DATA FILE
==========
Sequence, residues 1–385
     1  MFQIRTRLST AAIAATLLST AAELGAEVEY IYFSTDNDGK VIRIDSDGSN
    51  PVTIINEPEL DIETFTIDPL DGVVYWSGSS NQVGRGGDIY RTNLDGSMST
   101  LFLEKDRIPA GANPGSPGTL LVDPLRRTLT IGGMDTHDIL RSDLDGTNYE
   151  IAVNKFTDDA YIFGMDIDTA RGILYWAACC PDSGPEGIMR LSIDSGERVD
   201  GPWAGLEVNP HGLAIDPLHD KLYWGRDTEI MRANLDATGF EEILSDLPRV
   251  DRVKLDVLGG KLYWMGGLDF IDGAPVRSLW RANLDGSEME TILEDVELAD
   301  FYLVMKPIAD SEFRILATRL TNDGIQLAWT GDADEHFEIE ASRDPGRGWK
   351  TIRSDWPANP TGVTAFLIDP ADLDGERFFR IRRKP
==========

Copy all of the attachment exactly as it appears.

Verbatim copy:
Sequence, residues 1–385
     1  MFQIRTRLST AAIAATLLST AAELGAEVEY IYFSTDNDGK VIRIDSDGSN
    51  PVTIINEPEL DIETFTIDPL DGVVYWSGSS NQVGRGGDIY RTNLDGSMST
   101  LFLEKDRIPA GANPGSPGTL LVDPLRRTLT IGGMDTHDIL RSDLDGTNYE
   151  IAVNKFTDDA YIFGMDIDTA RGILYWAACC PDSGPEGIMR LSIDSGERVD
   201  GPWAGLEVNP HGLAIDPLHD KLYWGRDTEI MRANLDATGF EEILSDLPRV
   251  DRVKLDVLGG KLYWMGGLDF IDGAPVRSLW RANLDGSEME TILEDVELAD
   301  FYLVMKPIAD SEFRILATRL TNDGIQLAWT GDADEHFEIE ASRDPGRGWK
   351  TIRSDWPANP TGVTAFLIDP ADLDGERFFR IRRKP